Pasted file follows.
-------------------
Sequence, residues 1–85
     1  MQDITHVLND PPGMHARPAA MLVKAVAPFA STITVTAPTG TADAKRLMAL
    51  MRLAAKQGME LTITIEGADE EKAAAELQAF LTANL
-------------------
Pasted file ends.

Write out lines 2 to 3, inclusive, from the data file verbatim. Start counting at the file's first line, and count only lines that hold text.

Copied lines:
     1  MQDITHVLND PPGMHARPAA MLVKAVAPFA STITVTAPTG TADAKRLMAL
    51  MRLAAKQGME LTITIEGADE EKAAAELQAF LTANL